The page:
‘I’m a believer’ – Westwood tells England players confidence is key

Lee Westwood this week told the England Golf squads he still believes he can win a Major.

And the former world number one has encouraged the country’s top amateurs to replicate his work ethic and self-confidence as they strive to achieve their own career goals.

The seven-times Ryder Cup winner took time out from his preparations for professional golf’s return by taking part in the latest England Golf online Q&A session with national players and coaches.

Westwood – who represented England with distinction as an amateur before turning pro in 1993 – shared tales from life on tour, tips on coaching, practice and course management as well as offering sound advice for the next generation of England golfers.

The 47-year-old’s CV means that he commands instant respect from all golfers – and his online audience during the hour-long session was no exception.

In the course of his 27 years on Tour Westwood has:

  • Achieved 44 tournament victories
  • Won pro events in five continents – North America, Europe, Africa, Asia and Australasia
  • Enjoyed 19 top 10 finishes in Majors
  • Finished inside the top three in all four Majors
  • Replaced Tiger Woods as world number one in 2010 and spent 22 weeks at the top of the rankings
  • Played in 10 and won seven Ryder Cups as well as winning one as a vice-captain

Westwood’s willingness to examine the fallow periods in his career as well as the many highs helped provide great insight for the current squad players who enjoyed the session chaired by Performance Director Nigel Edwards.

When asked to pass on one piece of advice to players making the transition from amateur to pro ranks, Westwood said: “Have confidence in yourself.

“It’s a dog-eat-dog world and no-one will put an arm round you. You need to grow up quickly, have faith and confidence in yourself. Convince yourself that you belong out there.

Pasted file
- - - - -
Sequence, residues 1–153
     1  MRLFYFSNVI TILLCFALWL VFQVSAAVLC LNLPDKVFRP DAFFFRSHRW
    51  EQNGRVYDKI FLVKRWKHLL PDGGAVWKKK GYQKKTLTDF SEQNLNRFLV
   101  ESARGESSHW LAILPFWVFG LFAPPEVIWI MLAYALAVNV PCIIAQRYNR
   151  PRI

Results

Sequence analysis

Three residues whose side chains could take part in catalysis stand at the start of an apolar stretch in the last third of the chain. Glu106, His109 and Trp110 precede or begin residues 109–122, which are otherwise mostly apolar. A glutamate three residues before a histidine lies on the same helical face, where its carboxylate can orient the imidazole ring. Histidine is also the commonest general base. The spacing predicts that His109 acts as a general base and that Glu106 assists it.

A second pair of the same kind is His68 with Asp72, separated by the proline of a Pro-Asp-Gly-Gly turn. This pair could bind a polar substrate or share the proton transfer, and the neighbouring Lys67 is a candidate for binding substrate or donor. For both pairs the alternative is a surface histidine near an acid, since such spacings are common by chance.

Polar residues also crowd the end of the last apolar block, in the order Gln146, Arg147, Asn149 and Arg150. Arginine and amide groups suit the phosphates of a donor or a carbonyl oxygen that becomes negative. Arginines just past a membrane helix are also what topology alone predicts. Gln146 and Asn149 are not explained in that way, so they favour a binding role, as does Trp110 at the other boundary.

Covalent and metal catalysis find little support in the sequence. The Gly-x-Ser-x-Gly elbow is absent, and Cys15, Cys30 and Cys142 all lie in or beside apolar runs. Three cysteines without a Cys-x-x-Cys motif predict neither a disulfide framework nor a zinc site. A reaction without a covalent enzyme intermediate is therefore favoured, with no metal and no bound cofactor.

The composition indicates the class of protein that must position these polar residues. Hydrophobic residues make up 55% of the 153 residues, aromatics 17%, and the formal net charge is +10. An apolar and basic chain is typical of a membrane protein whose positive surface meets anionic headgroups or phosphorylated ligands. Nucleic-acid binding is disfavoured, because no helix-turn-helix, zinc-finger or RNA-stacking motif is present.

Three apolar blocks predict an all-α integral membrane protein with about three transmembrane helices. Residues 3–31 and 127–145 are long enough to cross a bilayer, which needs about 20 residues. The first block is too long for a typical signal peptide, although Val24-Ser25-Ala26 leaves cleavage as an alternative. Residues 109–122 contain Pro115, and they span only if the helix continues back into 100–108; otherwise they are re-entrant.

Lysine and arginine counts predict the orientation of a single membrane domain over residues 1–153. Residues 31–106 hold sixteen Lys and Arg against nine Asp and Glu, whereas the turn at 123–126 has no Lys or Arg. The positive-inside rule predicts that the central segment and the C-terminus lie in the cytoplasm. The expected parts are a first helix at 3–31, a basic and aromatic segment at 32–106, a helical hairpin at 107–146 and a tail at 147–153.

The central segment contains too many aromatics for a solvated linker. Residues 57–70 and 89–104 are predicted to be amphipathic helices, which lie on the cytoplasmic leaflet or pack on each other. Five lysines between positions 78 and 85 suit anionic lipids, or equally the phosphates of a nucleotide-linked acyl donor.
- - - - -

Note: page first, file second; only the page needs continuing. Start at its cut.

“If you don’t believe in yourself, then no-one else will.”

Westwood demonstrated he still has total belief in his own ability to compete when asked if – after so many near misses – he still felt in his heart of hearts that a major win was achievable at the age of 47.

“Yes – that’s why I do the hard work still, why I’ve lost weight during lockdown so that I’m fit for majors at the end of the year. It’s why I practice,” added Westwood who credits his work ethic for his career longevity.

“I maybe don’t practice as much as used to, but my practice is more meaningful.

“I turned up to Bethpage for the PGA where Brooks Koepka won and looked at the course and thought I wasn’t long enough – there were too many advantages for the lads who carry it 310-315 yards through the air. I can’t carry it that far.

“The rough was brutally thick and I was in the rough playing rescue clubs and they played 7 iron. Eventually that wears you down.

“But for the Masters, Harding Park for the PGA this year – I feel as if I have good a chance as anyone if I play my game.

“It’s only a few months since I won a Rolex event with the world number one (Brooks Koepka) playing that week in Abu Dhabi. If you can get your game in shape for a course that suits you, then why not?

“It’s all about having the right mentality.”

During the session, Westwood (pictured above as part of England’s 1993 Home Internationals squad) touched on the importance of coaches to his career having worked with celebrated names such as Pete Cowen, David Leadbetter and Robert Rock.

Crucially, he stressed the importance of taking responsibility for his own swing to avoid being caught up in a ‘hazy panic’ of too many different thoughts.

He also explained his loyalty to club manufacturers having stayed with Titleist and Ping throughout his career.

And he joked about his Ryder Cup debut in 1997 when captain Seve Ballesteros gave him a gift before he hit his first tee shot – a giant ball of cotton wool to stuff in his ears to block out the Valderrama crowd noise!

Westwood’s tips were gratefully received by his England Golf audience and he was happy to pass on advice having once been in their position as a teenage hopeful playing out of Worksop Golf Club in Nottinghamshire.

Westwood – winner of the McEvoy Trophy, Leven Medal and British Youths’ Championship as an amateur – added: “I enjoyed the England days. They give you a footing in the game, learning to travel and becoming independent.

“Going for England coaching sessions and playing Home Internationals, travelling to Iceland for the European Boys team champs – that’s not somewhere you’d go very often –  and Norway too.

“They were good trips and it prepared me for travelling around on Tour.

“Nowadays, amateurs are like semi pros and have travelled all over the world. The really good ones settle in far easier to pro life than when I started out.

“My first pro event was my debut event as a pro in the Madeira Open. Amateurs such as Rory McIlroy had played 15/16 pro events as an amateur by the time they stepped up and that makes a huge difference.”

Westwood will host the first post-lockdown European Tour event at Close House Golf Club from July 22.

And he’s eager to get back and target more success at the British Masters and beyond.

“I’m at 44 wins– let’s see if I can get to fifty!,” concluded Westwood with a smile.